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January 26, 2015 / 6 Shevat, 5775
 
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Chronicles Of Crises In Our Communities

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Privacy within the confines of a marriage: Is there a limit to sharing?  

Dear Rachel,

Please forgive me if I sound a bit agitated. It’s because I am. For over three years, while my husband was learning in Kollel (with my blessing), I was the sole breadwinner. No big bucks, but enough to get us by. We agreed on this arrangement before we got married.

My work is home-based and much of it requires computer input. I am also constantly in touch via e-mail with the various companies I depend on to keep my operation going. Naturally, I use my e-mail account to correspond with some close friends and family members as well.

To my husband’s credit, he has recently ventured out into the business world. The nature of his or my work is not relevant to the subject matter at hand, so in the interest of privacy I will not go into details.

Let’s just say my husband began piecemeal and was at first able to conduct his work by phone and by meeting people in person. While he was learning in Kollel he had no use for an e-mail account, and for the odd occasion that necessitated electronic correspondence, he would utilize mine.

In recent weeks, his business activity has increased and my e-mail account is being flooded with his e-mails as a result, often with ‘heavy’ attachments accompanying them. My husband has never been very computer-savvy, but the sporadic instance of the past has now morphed into an ongoing daily process of helping him sort, print and collate his e-mails.

Before you ask the obvious question, yes, I’ve suggested that it might be time for him to set up his own account. Trouble is he is so accustomed to doing without it that he immediately reacts with an emphatic “No, don’t need it… don’t want it!” At the same time, of course, he has taken to sitting down at my desktop computer to access “our” e-mail and check on his new incoming mail, usually while I am occupied elsewhere.

As you can imagine, this has begun to create an unhealthy tension between us. Every time I hint that he would be better with his own account, it becomes obvious that he feels slighted and thinks I am out to serve my own agenda: my wish for privacy.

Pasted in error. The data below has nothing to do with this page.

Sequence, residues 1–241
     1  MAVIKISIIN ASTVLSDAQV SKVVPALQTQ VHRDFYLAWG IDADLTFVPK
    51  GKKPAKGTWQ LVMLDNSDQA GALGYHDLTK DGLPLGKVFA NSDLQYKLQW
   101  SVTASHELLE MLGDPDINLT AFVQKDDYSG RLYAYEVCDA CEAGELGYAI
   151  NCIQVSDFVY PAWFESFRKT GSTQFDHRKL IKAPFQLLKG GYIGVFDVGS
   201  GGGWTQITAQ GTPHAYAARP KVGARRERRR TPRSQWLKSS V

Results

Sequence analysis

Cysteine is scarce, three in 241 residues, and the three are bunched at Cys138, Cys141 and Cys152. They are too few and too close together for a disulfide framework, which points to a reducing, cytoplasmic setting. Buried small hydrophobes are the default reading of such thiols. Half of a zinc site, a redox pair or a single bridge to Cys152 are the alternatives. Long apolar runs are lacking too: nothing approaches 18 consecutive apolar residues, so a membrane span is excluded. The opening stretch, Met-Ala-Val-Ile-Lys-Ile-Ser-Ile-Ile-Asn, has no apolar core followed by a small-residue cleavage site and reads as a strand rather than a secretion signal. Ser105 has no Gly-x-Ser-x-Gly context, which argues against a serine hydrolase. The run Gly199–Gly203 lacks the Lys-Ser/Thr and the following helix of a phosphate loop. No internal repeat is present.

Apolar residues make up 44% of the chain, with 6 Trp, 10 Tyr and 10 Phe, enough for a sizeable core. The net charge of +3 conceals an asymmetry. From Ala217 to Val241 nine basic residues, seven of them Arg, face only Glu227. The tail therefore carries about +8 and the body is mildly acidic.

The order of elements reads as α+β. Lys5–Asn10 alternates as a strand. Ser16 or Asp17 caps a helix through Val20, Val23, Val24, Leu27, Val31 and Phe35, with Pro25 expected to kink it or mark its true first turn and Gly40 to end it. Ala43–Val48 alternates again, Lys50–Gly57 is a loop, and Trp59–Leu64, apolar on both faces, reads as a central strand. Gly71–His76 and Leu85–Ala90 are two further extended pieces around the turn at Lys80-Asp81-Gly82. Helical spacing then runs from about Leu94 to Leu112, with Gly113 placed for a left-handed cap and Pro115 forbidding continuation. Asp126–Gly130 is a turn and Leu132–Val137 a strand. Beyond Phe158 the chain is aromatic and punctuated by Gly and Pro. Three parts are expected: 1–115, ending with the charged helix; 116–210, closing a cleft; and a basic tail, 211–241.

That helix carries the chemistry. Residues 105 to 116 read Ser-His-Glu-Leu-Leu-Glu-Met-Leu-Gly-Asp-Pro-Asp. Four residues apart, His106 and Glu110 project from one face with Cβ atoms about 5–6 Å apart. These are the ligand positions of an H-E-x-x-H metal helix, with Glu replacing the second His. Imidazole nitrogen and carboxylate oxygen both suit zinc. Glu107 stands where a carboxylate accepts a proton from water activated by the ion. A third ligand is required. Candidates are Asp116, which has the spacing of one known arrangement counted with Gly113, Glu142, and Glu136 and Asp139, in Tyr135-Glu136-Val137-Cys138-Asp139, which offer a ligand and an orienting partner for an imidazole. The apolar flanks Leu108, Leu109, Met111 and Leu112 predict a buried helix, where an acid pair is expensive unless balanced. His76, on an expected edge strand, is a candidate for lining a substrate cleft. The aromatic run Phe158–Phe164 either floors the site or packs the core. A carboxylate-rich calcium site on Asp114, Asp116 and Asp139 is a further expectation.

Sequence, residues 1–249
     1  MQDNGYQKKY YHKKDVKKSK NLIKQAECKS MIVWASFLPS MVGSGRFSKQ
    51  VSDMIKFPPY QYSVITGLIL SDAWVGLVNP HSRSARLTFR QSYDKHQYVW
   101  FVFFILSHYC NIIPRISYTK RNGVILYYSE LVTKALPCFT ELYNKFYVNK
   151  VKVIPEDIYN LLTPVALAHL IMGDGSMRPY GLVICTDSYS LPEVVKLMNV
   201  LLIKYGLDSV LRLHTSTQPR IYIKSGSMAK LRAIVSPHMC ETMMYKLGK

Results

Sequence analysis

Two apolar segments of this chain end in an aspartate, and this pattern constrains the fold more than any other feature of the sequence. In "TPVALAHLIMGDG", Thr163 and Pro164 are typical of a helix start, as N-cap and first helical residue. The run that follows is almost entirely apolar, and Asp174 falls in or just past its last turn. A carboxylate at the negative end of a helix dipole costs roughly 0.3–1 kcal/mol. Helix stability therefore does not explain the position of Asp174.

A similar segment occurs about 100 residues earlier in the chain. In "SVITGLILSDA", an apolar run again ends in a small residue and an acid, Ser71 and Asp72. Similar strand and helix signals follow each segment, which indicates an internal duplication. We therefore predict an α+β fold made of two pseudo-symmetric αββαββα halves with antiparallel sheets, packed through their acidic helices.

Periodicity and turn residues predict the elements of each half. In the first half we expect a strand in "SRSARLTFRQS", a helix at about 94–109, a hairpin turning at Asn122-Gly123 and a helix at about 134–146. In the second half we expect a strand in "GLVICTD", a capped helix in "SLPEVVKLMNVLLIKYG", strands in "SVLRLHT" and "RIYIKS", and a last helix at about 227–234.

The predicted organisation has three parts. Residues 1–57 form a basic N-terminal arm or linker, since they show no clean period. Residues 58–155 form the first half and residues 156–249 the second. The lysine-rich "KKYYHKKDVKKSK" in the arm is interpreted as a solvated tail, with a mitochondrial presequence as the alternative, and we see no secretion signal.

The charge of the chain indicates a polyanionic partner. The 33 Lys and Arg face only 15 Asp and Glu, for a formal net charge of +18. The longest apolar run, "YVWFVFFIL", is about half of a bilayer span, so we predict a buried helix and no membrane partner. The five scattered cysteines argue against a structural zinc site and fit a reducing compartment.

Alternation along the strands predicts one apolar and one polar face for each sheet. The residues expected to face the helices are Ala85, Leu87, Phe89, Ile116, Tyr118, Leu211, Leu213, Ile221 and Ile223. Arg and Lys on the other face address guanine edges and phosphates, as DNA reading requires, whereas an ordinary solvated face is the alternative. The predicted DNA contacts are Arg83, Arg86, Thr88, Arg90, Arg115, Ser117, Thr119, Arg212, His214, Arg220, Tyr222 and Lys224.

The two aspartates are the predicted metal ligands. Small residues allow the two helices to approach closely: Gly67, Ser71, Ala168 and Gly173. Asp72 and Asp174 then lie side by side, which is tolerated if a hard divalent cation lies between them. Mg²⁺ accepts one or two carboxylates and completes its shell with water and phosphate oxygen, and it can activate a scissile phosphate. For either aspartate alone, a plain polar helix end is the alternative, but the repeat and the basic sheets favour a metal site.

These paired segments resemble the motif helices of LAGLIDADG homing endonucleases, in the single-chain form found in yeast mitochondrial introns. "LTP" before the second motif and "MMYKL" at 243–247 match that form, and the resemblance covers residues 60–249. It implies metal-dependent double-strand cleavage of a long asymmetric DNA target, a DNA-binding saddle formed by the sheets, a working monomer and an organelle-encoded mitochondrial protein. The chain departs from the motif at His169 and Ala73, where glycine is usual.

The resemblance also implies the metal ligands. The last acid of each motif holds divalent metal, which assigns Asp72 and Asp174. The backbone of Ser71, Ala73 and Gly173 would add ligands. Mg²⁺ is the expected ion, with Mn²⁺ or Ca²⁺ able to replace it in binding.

That too, I’ll admit. Not that I have anything to hide. We have a close and open relationship and I have certainly never given him a reason to mistrust me. Moreover, I’ve bent over backwards to help him in every possible way. His infantile attitude is beginning to wear me thin. Besides the confusion created by a daily deluge of e-mails, frankly I would rather not have him “eavesdropping” on my personal e-mail exchanges – just as I would never dream of picking up a phone extension to listen in on his calls.

Again to his credit, he never opens my new e-mails when accessing his own, but he can easily view them any time he gets the inclination once they are no longer “new.” Curiosity is human nature, especially when something sits right in front of your nose and it takes no effort to peek.

Rachel, am I being unreasonable? Yeah, marriage partners are supposed to be thisclose, but are we not entitled to some privacy nonetheless? I need some air. Please help me solve this conflict between us.

 

            Tired of being Nice  

Dear Tired,

An inordinate amount of otherwise bright and seemingly mature males have a lot of growing up to do. Sounds like your husband has lived a sheltered life and has had everything handed to him, with little effort expended on his part.

About the Author: We encourage women and men of all ages to send in their personal stories via email to rachel@jewishpress.com or by mail to Rachel/Chronicles, c/o The Jewish Press, 4915 16th Ave., Brooklyn, N.Y. 11204. If you wish to make a contribution and help agunot, your tax-deductible donation should be sent to The Jewish Press Foundation. Please make sure to specify that it is to help agunot, as the foundation supports many worthwhile causes.


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